Written by: Dan Steel
Dan Steel serves as the senior pastor of Magdalen Road Church in Oxford, England. Before returning to his hometown of Oxford, he helped plant Grace Church Stirchley in Birmingham, England. He and his wife, Zoe, have four children. You can connect with him here.
This following content was originally published on Acts 29’s website, linked here: https://www.acts29.com/assessing-pastoral-triage/
As you arrive in the hospital ER where my wife works, you’re met with a nurse who assesses where you need to go, filtering the patients so doctors can prioritize care. Perhaps it’s right that you came in—you need some help and attention—but you’re not a top priority (yellow). Maybe you’re really ill and need to be seen by a doctor immediately (red). Or, perhaps you’ve come in with something minor because you couldn’t get an appointment with your primary doctor (green).
We probably do this almost subconsciously with church members already, but now think of the church planters and pastors you know—think of yourself even—and apply that same “traffic light triage” to them. To you.
How are they doing? As you seek to invest in the lives of ministers and staff members, perhaps planters in your cohort or your region, who are the reds that need to be at the top of the pile? Is anyone looking out for them? Could you be that person?
Of course, this pre-supposes that we’re intentionally seeking to support and encourage others in ministry rather than just sticking to our lane. How well do we actually know those in our locality? What are the struggles they’re wrestling with in their church, family, or souls?
Let’s think a bit about assessing and prioritizing pastoral care:
These are the go-getters who always seem to be thriving. One ministry friend I spoke to said they didn’t exist. But perhaps they’ve only been in place for a short time, and there’s a zeal, energy, and optimism that is infectious. Maybe things are going well, and they’ve not yet hit some of the sin, suffering, and struggles—the thorns and thistles—of pastoral life. How could you help them? Initial trajectory matters; there’s a compound interest element to the early days of planting, which can leave you in big trouble later on.CLICK TO TWEET
Initial trajectory matters; there’s a compound interest element to the early days of planting, which can leave you in big trouble later on. How are they watching their life and lips (1 Tim. 4:16)? How healthy are they? How’s their prayer life? What are their practical pastoral skills like? They may look like a green, but behind the scenes, maybe they’re truly wrestling. How could you help their early trajectory to be healthy so 10 years down the line, they’re still in a healthy place?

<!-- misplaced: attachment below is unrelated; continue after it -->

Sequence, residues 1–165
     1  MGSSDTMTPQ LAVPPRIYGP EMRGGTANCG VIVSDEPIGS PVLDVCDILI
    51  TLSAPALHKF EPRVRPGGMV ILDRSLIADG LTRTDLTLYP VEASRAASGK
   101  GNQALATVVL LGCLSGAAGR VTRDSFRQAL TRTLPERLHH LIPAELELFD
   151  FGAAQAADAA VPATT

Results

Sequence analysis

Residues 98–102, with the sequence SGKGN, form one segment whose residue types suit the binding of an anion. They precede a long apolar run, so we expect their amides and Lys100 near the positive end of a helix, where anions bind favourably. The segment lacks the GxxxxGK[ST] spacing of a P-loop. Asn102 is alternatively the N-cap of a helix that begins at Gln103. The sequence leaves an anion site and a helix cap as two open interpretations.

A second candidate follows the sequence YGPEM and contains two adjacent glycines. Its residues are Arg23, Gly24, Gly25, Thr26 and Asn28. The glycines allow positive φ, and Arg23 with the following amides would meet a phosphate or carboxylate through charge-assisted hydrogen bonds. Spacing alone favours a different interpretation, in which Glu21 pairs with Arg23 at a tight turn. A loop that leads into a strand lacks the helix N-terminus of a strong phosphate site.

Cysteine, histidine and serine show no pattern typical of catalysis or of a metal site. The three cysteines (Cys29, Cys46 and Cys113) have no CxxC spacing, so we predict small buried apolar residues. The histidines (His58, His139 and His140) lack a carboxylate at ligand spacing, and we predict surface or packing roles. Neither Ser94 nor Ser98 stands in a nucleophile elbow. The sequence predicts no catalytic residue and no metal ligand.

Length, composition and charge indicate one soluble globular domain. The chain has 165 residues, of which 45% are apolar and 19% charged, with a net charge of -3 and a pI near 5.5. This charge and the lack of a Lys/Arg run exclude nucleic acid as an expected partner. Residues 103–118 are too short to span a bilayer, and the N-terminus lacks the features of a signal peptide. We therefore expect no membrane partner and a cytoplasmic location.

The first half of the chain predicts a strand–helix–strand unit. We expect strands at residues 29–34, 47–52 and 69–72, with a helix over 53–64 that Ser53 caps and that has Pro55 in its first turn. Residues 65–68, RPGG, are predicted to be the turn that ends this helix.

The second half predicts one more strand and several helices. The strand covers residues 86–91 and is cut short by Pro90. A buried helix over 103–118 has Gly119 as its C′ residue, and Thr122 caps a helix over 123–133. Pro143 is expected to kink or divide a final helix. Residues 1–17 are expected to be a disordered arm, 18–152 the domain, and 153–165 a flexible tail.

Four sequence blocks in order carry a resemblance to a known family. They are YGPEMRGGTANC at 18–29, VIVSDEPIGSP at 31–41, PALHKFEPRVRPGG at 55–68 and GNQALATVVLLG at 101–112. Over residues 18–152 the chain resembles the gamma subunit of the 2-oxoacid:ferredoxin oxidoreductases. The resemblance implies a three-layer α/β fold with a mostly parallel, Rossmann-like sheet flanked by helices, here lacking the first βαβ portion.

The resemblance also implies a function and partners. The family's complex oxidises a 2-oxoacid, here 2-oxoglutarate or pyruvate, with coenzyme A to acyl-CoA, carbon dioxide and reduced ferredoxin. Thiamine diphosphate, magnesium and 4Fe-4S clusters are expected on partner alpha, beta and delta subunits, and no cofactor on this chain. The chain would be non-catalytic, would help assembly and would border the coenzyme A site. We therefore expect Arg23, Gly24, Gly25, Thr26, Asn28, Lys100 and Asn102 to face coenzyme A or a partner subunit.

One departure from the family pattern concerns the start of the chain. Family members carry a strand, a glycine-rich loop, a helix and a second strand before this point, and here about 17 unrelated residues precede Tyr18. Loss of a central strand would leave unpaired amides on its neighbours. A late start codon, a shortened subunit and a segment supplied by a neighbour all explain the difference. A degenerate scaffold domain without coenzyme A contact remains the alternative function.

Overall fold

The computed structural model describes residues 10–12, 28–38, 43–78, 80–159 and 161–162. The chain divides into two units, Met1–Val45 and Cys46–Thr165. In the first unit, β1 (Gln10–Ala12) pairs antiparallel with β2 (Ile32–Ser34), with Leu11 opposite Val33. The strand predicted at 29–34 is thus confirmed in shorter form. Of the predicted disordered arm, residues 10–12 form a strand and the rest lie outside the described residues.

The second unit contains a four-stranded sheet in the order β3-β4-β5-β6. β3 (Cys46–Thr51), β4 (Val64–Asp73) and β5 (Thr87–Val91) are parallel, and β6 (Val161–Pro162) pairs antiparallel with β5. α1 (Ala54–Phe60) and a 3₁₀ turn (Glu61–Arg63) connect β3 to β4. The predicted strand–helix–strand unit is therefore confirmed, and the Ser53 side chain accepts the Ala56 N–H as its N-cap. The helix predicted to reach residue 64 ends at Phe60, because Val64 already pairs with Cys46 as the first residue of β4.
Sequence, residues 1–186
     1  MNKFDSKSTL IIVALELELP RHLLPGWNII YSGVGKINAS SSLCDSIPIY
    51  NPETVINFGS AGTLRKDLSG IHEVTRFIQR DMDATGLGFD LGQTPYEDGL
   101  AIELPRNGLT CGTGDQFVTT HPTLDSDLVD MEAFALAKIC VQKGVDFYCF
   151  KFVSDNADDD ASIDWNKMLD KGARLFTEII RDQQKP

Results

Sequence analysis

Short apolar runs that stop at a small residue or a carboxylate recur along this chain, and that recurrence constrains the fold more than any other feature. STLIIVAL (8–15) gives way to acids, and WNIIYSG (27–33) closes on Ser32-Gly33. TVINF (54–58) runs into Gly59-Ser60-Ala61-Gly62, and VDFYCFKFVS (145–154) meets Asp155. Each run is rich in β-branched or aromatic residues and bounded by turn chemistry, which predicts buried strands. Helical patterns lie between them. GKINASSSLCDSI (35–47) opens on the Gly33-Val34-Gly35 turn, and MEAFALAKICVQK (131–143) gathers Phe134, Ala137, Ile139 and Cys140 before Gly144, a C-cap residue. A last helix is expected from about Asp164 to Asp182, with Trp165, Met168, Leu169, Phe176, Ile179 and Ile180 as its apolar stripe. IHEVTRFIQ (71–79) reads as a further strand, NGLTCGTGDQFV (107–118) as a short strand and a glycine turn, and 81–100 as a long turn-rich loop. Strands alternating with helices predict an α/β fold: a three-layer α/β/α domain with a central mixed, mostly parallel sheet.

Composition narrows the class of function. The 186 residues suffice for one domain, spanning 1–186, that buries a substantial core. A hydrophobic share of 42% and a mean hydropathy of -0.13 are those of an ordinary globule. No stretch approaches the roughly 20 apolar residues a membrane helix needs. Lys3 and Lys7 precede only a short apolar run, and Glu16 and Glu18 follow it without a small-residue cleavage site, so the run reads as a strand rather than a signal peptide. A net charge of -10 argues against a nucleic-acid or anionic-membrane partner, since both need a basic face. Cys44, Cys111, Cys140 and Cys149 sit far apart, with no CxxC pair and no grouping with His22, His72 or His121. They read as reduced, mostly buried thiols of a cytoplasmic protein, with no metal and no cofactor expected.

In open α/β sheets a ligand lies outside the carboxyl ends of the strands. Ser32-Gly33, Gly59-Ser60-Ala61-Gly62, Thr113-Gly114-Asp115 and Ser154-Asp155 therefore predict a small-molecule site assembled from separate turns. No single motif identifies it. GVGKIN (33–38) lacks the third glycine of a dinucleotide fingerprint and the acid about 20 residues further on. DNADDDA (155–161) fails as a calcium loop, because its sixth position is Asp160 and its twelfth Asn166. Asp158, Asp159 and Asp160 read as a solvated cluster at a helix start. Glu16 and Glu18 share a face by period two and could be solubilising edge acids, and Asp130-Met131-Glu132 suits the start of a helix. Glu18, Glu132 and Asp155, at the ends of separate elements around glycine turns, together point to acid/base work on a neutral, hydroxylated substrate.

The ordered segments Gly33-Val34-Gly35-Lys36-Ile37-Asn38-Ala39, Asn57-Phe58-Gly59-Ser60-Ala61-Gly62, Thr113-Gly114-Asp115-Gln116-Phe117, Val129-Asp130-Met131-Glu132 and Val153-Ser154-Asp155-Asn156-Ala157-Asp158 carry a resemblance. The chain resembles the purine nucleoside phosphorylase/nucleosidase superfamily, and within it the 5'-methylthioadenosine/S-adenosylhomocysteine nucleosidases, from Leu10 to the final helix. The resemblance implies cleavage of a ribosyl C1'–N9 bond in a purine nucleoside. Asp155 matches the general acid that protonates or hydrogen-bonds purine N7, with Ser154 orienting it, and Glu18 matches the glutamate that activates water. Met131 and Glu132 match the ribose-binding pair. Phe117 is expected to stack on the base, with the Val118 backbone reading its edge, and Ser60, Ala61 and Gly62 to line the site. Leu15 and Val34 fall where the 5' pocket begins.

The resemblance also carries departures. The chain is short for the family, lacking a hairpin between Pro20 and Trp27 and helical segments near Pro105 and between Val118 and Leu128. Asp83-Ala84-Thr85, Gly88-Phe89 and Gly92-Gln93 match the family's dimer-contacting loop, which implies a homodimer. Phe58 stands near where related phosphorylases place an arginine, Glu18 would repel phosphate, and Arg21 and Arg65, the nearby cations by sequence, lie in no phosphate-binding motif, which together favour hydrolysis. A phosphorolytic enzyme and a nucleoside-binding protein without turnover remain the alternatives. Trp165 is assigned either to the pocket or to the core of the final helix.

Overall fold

This is probably the majority group. Most of us, if we’re honest, will likely be here. We get through season by season, week by week, meeting by meeting, and sermon by sermon. But we know we’re not as healthy as we ought to be. Perhaps affections grow cold, prayer gets squeezed, or relational difficulties overwhelm. Everything feels rushed and last minute. Or maybe we’re plagued with discontentment, wondering if the grass would be greener elsewhere. How do you help a yellow?
Of course, there’s more to it than this, but from my conversations (and knowing my own heart), the word to begin with and build from would be encouragement (1 Thes. 5:11). It seems to me we’re a people starved of encouragement—always aware of how things haven’t gone quite right, of what could have been done better.
And so, let’s be a people who encourage, not simply in remembering and being thankful for the good things, but encouraged to keep going, to keep pressing on and plodding. To keep believing the gospel and finding our identity not in what we’ve done but foundationally in who we are as children of our Father in heaven.
If you’re reading this and you’d classify yourself as a red, can I urge you, if you haven’t already, to reach out to someone? If you’re constantly feeling like waving the white flag and quitting, find someone local to speak to, and if there’s no one local, then get in contact with me (details below). I think red is the smallest group, but it’s unquestionably grown over the last few years.
Each situation will be different, each context unique, but reds have had enough. For their sanity and safety, they’re not able to continue. In a traumatic post-pandemic world of anxiety and anger, many are on the verge of quitting, which may be the right move, but let’s make sure we come alongside them for support. The danger comes when we ignore the reds because they feel hopeless, yet they’re the ones we need to place at the top of the pile. No one is at risk of receiving too much encouragement.CLICK TO TWEET
Pastor, how would you classify yourself? How are ministers in your area doing? Who can you get alongside and encourage? No one is at risk of receiving too much encouragement. Pastors need to be uplifted and supported in these difficult times. So let us, as a network that cares deeply about pastoral health, carefully and accurately assess ourselves and the church leaders we know. Let us lean on one another as we hold fast to Christ together, as a people united in mission for the sake of the world.